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abstract = "Introduction: Pulmonary inflammation and infection are important clinical and prognostic markers of lung disease in cystic fibrosis (CF). However, whether in young children they are transient findings or have cumulative, long-term impacts on respiratory health is largely unknown. We aimed to determine whether their repeated detection has a deleterious effect on structural lung disease. Methods: All patients aged <6 years with annual computed tomography (CT) and bronchoalveolar lavage (BAL) were included. Structural lung disease on CT ({\%}Disease) was determined using the PRAGMA-CF (Perth–Rotterdam Annotated Grid Morphometric Analysis for CF) method. The number of times free neutrophil elastase (NE) and infection were detected in BAL were counted, to determine cumulative BAL history. Linear mixed model analysis, accounting for repeat visits and adjusted for age, was used to determine associations. Results: 265 children (683 scans) were included for analysis, with BAL history comprising 1161 visits. {\%}Disease was significantly associated with the number of prior NE (0.31, 95{\%} CI 0.09–0.54; p=0.007) but not infection (0.23, 95{\%} CI −0.01–0.47; p=0.060) detections. Reference equations were determined. Conclusions: Pulmonary inflammation in surveillance BAL has a cumulative effect on structural lung disease extent, more so than infection. This provides a strong rationale for therapies aimed at reducing inflammation in young children.",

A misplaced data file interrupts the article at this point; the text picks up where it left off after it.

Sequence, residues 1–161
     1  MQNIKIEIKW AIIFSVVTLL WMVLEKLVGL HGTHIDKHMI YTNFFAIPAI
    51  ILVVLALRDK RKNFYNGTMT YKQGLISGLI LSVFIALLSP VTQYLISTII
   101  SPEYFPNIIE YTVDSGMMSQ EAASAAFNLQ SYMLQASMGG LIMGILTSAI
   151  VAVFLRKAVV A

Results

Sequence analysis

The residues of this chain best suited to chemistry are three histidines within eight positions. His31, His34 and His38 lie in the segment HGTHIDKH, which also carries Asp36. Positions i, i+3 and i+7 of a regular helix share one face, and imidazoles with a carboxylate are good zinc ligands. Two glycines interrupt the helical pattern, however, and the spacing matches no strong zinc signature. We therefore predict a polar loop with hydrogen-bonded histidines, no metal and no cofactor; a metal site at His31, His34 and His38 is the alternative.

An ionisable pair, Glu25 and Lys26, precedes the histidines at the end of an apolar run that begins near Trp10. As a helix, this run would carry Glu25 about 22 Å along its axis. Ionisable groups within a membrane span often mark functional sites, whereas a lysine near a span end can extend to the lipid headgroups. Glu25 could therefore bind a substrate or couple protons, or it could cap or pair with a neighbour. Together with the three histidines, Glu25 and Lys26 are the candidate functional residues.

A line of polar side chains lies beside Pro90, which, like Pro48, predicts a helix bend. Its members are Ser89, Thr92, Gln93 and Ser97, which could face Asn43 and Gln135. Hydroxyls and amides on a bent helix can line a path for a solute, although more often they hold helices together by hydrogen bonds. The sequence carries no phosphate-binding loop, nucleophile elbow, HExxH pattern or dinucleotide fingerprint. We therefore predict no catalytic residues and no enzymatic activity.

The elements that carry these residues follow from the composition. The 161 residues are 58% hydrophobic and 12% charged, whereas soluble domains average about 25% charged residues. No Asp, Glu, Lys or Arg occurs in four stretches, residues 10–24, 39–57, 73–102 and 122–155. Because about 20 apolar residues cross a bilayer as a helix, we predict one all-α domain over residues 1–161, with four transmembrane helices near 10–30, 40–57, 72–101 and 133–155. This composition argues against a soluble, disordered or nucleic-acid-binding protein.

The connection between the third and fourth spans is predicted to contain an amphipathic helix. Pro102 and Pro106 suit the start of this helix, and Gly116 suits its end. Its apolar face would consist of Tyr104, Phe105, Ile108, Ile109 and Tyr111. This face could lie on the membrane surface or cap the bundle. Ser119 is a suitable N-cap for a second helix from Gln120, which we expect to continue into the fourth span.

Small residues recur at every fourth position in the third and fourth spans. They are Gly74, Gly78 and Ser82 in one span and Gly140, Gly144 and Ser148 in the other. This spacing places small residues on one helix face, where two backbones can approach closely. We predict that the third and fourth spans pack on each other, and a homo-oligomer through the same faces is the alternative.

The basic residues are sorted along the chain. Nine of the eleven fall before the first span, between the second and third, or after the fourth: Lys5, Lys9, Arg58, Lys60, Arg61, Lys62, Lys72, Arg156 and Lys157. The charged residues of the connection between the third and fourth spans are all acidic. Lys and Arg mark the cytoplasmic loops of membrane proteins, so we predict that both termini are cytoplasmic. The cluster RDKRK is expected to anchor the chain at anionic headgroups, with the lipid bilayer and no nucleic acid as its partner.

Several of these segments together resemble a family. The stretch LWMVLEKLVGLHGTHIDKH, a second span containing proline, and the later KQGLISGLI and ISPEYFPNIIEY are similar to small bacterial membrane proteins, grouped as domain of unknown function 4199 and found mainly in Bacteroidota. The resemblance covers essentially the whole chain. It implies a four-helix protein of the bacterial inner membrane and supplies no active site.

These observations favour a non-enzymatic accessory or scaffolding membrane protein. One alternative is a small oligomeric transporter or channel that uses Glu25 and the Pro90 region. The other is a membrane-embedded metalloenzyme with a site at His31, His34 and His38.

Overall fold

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The cumulative effect of inflammation and infection on structural lung disease in early cystic fibrosis. / Rosenow, Tim; Clara Mok, L.; Turkovic, Lidija; Berry, Luke J.; Sly, Peter D.; Ranganathan, Sarath; Tiddens, Harm A.W.M.; Stick, Stephen M.

In: European Respiratory Journal, Vol. 54, No. 1, 1801771, 11.07.2019.

Research output: Contribution to journalArticle

TY - JOUR

T1 - The cumulative effect of inflammation and infection on structural lung disease in early cystic fibrosis

AU - Rosenow, Tim

AU - Clara Mok, L.

AU - Turkovic, Lidija

AU - Berry, Luke J.

AU - Sly, Peter D.

AU - Ranganathan, Sarath

AU - Tiddens, Harm A.W.M.

AU - Stick, Stephen M.